Visits to the impressive Turkish memorial and the British Helles memorial followed and then a look at V Beach from a Turkish perspective and immediately you could see why the Dubs and Munsters had a hard time on that first day..  Throughout the campaign the Turks had the high ground and this spot was no exception.  So much could be defended by so few.

After lunch in a roadside cafe next to a stream full of turtles we hit East Anzac and first was Lone Pine where four thousand Turks and two thousand Australians killed each other in bloody and vicious hand to hand fighting in early August 1915.  It was here the Connaught Rangers had their baptism of fire as they buried the Turkish dead whilst under fire from Turkish guns.  On to Johnson’s Jolly and the Nek where the Australian Light Horse came to grief in a bayonet charge in broad daylight up a steep slope in waves of 150 at a time.  At this spot we got word of our own tragedy as the mother of one of the party had died.  In this regard we were greatly helped by Eric and his wife at the hotel.  Transport to Istanbul was arranged and new flights for those returning were obtained as if by magic.  Many thanks to our friends in Kokadere for their work.

It was at this point the wicked witch came into her own advising everybody of her importance in the matter and explaining to all of the new arrangements, except she was not part of the new arrangements but I was.  I let her have her head and then explained as best I could how the show must go on.

Up to Chunuk Bair first thing this morning, the highest point on the Sari Bair range, towering over Anzac and Suvla to the West and giving mouth watering views over the straits to the East.  This really was the key to the whole campaign and which the New Zealand forces captured on 9th August 1915 with much loss of life and their relieving force, the South East Lancashire Regiment and the Gloucester Regiment, was pushed off it the next day with great vigour by Mustafa Kemal’s troops and caused much loss of life in the reserve force of the 6th Leinsters and 10th Hampshires  Our task was to walk down to Anzac on the same footpath the New Zealanders went up, a distance of about four miles and a descent of330 metres which because of the undulations of the landscape meant there was as many ups as there was downs.  We made it easily enough to the Farm, an area where the 5th Battalion Connaught Rangers spent three days on 10th/12th August 1915 burying dead and carrying down wounded whilst under Turkish sniper fire at all times.  It was round this spot I found a spent British .303 bullet 100 years and one week later.  From this place we descended the Chailak Dere in a gruesome walk for most, ending up at Embarkation Pier.  Some of the men there 100 years ago went up and down this path, two or three times a day.  My head shakes just thinking about it.  But now we know of what these soldiers endured.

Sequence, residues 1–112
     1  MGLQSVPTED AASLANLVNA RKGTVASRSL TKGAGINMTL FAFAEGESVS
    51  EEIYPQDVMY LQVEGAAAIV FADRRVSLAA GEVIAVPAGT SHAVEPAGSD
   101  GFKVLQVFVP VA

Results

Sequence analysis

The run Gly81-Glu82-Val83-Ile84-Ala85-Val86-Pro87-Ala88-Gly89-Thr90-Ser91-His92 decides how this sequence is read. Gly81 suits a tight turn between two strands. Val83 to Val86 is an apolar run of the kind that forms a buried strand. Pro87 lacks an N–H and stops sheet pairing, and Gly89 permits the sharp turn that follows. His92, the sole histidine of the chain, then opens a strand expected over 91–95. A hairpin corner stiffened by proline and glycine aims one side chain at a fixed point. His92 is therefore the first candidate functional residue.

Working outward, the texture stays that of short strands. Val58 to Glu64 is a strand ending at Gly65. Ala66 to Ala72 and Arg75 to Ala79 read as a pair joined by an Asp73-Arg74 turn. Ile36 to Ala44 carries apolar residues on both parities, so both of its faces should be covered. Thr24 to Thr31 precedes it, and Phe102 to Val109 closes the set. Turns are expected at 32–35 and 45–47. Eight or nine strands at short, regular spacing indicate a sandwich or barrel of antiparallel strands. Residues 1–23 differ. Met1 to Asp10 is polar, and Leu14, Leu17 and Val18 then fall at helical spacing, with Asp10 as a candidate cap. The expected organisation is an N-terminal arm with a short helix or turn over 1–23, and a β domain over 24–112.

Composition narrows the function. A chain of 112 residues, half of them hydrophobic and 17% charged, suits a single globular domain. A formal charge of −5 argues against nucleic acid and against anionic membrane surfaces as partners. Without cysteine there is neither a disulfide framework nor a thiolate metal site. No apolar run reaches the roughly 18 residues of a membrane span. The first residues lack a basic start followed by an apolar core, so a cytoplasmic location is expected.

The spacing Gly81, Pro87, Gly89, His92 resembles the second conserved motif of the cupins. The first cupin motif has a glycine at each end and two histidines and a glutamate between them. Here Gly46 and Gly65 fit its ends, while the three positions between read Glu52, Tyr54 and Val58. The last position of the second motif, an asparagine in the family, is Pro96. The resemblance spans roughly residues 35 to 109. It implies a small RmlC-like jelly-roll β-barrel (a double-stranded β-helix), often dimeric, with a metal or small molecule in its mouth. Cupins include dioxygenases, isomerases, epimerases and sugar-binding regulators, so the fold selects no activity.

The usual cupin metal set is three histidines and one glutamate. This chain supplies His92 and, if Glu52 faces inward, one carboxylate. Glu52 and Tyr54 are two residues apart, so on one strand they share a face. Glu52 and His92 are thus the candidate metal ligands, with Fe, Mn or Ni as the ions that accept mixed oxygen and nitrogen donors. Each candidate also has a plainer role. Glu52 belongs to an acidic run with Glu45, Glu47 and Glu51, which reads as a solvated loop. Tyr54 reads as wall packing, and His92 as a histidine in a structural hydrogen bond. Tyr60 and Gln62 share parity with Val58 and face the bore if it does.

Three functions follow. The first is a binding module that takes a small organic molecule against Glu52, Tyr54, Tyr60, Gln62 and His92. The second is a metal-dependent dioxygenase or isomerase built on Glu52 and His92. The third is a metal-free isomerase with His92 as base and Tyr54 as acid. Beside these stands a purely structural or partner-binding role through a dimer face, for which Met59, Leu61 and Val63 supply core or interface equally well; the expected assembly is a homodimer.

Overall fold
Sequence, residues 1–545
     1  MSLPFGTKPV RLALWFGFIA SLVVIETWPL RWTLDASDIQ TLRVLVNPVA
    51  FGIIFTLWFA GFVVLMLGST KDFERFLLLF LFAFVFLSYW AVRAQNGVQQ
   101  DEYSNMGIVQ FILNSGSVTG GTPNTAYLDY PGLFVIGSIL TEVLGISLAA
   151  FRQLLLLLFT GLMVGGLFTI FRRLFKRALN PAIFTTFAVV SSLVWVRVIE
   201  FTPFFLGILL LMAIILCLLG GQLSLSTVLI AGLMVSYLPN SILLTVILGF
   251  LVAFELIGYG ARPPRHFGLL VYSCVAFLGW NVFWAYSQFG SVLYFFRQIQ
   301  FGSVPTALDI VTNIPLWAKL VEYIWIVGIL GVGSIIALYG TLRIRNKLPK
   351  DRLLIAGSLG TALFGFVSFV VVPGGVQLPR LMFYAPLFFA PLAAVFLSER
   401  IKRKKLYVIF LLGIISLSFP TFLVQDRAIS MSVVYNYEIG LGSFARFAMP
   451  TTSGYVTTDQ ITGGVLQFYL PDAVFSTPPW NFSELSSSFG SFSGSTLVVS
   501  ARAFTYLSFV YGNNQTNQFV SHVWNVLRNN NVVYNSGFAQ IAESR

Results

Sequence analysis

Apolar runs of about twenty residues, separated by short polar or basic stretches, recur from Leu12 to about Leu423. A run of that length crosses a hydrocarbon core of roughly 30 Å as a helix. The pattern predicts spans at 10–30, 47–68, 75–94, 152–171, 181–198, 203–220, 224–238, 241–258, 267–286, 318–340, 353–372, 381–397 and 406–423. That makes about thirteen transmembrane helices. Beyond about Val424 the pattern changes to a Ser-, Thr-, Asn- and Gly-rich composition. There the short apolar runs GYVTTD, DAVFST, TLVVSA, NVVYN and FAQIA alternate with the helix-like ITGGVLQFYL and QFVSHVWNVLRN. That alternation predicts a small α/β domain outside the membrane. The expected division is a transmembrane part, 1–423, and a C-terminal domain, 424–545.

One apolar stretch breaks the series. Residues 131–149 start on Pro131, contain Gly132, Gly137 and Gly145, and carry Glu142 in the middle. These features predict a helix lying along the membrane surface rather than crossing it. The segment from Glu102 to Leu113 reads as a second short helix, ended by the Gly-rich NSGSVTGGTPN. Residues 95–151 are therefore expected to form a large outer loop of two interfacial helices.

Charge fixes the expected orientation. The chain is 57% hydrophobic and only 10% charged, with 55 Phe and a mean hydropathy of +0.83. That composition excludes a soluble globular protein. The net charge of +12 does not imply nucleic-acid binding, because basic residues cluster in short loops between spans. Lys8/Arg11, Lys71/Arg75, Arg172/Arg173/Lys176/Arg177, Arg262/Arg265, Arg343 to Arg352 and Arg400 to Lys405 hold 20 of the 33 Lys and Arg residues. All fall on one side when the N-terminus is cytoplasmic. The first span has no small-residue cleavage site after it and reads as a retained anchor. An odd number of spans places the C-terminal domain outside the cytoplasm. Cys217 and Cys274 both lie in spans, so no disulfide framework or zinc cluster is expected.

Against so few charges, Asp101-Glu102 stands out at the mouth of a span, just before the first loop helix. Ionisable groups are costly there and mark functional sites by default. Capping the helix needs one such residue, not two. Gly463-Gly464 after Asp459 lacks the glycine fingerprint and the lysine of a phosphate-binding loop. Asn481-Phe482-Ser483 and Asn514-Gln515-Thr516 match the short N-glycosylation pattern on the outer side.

On to Anzac beach and the cemeteries at Ari Burnu and Anzac Beach.  On Ari Burnu we discovered a number of graves of Indian soldiers who were killed in 1921, six years after the fighting here.  On enquiry we were told they were in a party constructing cemeteries and memorials when a massive explosion of unused ammunition killed about 20 of them.  At Anzac Beach cemetery an emotional moment occurred when most of us stood round the grave of the grandfather of one of our party.  He had been killed early in the conflict in late April.  Also in this cemetery was the grave of Samuel Hall, a Glaswegian and the first 5th Battalion man to die on 9th August when whilst sheltering in a trench in Shrapnel Valley, a shell burst immediately above him taking off his head at his shoulders.

After that it was up to 7th Field Ambulance Cemetery where about 15 5th Battalion men lie.  These men had been badly wounded on Hill 60 on 21st/28th August, they were too badly wounded to be moved down to the Beach for evacuation and died there at this Australian Field Hospital.  In fact one man from Boyle lies here, Bartley Higgins from Green Street in Boyle.  A little street in Boyle in Co Roscommon where I have found 15 inhabitants who were killed during the war.  A mile further on and we arrive at Hill 60 where the Connaught Rangers came to grief on this same day 100 years ago about 160 men out of the 220 deaths in the 5th Battalion occurred on this insignificant hill.  In another emotional ceremony we read out the names of these poor men and where they came from.  At least we still remember them.  We also found the wells that the Rangers so famously captured on 21st August 1915 and which had evaded our previous searches.  They are still there full of water, a prize in those far off days and our link with the past.

A great day for those of us interested but still the looming hatred emanating from the wicked witch, her equally wicked daughter and her poor tagged along consort.  It was hard to ignore them but we tried.

The next day we were off to Suvla.  In the past Suvla was so remote, just dirt tracks that no coach driver would motor on but our man was one of the intrepids, taking us first to Green Hill Cemetery where the grave of a young Lancashire Fusilier lies, this man was executed for desertion in December 1915, one of the last deaths on the Peninsula.  There was 100 soldiers  here who were condemned to death but 97 of them had their death sentence commuted, only three were shot.  It is a puzzle to me how anybody can desert from such a place, it just ain’t possible.  In this cemetery is also the grave of Lord Longford and also the father of David Niven, the film star.